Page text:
AJ Bell has hiked cash interest rates and cut trading fees, just hours after the Financial Conduct Authority (FCA) criticised platforms for the rates received on cash balances.
Taking effect from 1 April 2024, trading fees to buy and sell investments on the firm’s D2C platform will drop to £5 per trade, down from £9.95. Frequent traders, meanwhile, will see charges reduce from £4.95 to £3.50 per trade.
Meanwhile, interest rates have been increased on larger amounts of cash held in ISAs, SIPP and pension drawdowns. It is also introducing higher rates of interest paid on large cash balances held in both ISAs and pensions in accumulation of 2.70% and 3.95% respectively.
For cash held in pension drawdown, the firm has ranging from 3.45% for balances below £10,000 to 4.45% for balances over £100,000.
Michael Summersgill, chief executive officer at AJ Bell, said the platform had been planning the pricing change ‘for some time’.
He said: “Now we have clarity from the regulator, we are pleased to confirm another significant package of pricing changes which will benefit our customers to the tune of £14m a year. It is clear platforms are able to use cross subsidies where they do so to deliver fair value to customers across their entire proposition.
“So, as well as improving the competitive rates of interest we pay, we are also reducing our dealing charges for D2C customers and reducing the custody charges advised customers pay.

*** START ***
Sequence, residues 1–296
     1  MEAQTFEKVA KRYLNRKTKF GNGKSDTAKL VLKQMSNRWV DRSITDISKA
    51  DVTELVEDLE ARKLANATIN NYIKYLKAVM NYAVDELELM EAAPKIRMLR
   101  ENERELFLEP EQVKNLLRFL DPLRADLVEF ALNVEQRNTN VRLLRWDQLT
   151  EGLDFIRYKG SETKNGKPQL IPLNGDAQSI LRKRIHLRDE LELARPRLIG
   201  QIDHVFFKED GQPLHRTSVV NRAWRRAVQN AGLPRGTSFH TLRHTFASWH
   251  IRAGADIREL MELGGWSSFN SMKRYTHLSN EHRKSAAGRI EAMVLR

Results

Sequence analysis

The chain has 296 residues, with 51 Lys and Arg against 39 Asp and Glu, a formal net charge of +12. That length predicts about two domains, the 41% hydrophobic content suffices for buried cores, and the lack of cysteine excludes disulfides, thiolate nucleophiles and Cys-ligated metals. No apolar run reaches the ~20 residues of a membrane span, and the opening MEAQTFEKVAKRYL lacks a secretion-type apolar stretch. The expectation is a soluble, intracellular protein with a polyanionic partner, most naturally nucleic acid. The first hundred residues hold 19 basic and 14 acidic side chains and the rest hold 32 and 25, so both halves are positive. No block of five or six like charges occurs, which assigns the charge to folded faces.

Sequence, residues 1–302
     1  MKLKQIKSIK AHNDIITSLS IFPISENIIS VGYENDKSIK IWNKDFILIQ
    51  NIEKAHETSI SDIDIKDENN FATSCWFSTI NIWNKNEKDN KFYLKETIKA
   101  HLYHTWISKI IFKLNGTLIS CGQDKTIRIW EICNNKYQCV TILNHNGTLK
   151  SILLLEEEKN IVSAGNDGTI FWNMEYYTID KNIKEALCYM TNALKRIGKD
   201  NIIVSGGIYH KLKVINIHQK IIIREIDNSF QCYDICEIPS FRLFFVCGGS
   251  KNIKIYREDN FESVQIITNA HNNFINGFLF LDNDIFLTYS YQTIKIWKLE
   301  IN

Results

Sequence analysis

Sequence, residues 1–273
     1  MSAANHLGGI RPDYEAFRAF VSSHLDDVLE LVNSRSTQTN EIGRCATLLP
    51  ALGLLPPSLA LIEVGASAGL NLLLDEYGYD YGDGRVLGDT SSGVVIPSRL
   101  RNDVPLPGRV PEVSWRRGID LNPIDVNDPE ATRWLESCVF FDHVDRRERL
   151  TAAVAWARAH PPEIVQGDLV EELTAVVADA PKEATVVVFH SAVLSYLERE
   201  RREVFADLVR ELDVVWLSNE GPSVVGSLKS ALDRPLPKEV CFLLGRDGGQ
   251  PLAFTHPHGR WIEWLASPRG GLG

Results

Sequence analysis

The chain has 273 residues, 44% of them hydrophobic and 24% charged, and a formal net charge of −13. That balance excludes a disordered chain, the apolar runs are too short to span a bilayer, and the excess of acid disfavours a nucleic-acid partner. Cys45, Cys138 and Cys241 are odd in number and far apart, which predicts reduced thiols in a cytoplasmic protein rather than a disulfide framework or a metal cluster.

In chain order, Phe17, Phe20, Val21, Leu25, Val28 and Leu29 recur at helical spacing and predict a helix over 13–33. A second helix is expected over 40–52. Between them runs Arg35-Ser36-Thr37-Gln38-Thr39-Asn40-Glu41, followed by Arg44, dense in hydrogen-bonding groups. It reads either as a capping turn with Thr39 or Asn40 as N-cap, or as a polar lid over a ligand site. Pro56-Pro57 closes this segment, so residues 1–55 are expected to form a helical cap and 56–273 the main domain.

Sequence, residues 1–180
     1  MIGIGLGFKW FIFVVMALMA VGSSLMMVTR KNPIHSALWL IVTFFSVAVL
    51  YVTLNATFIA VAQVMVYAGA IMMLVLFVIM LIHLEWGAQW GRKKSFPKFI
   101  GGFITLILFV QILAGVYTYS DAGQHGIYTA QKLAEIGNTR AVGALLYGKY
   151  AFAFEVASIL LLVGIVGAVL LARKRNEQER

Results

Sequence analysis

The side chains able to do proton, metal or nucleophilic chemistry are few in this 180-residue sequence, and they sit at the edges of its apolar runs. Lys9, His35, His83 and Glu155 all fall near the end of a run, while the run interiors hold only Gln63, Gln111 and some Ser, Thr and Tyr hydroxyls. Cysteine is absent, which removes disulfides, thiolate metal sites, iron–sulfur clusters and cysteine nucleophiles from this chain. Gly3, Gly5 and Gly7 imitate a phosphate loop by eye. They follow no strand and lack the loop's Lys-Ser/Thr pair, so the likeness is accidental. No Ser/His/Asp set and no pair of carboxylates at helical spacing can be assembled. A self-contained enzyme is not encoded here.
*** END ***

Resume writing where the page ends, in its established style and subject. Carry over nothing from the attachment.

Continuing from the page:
“The financial impact is fully factored into the guidance we provided in our annual results last week and our enhanced competitive position puts us in a great place to continue to grow our market share.”
On advised platform charges, the changes are as follows:
|Reduced charges from 1 April 2024
|Assets up to £500k
|Assets from £500k to £1m
|Assets from £1m to £1.5m
|Assets from £1.5m to £2m
|Assets over £2m
|0.00% to 0.025%
The announcement comes hours after the FCA announced it had written to investment platforms expressing concern over interest received on cash balances.
The watchdog pointed out that the Bank of England has raised the base rate significantly over the past 18 months, and as of June 2023 the 42 firms it surveyed had collectively earned £74.3m from holding customer cash.
It said this figure “may not reasonably reflect the cost to firms of managing the cash”. The watchdog also pointed out that many platforms also charge a fee to customers for the cash they hold, a practice it described as “double dipping”.
Platforms have until 29 February 2024 to address the issue voluntarily, or the watchdog will take action.